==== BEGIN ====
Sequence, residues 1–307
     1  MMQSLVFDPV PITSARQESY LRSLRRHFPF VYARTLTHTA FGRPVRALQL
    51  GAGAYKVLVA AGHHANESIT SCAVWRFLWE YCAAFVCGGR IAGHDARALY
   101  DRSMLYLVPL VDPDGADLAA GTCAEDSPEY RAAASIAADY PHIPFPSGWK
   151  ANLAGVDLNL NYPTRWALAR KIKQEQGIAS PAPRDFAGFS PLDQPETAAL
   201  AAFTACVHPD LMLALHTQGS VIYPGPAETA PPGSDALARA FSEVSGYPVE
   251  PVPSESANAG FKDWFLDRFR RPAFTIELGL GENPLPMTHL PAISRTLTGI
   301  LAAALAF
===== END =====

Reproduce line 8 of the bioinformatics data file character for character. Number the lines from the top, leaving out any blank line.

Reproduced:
   301  LAAALAF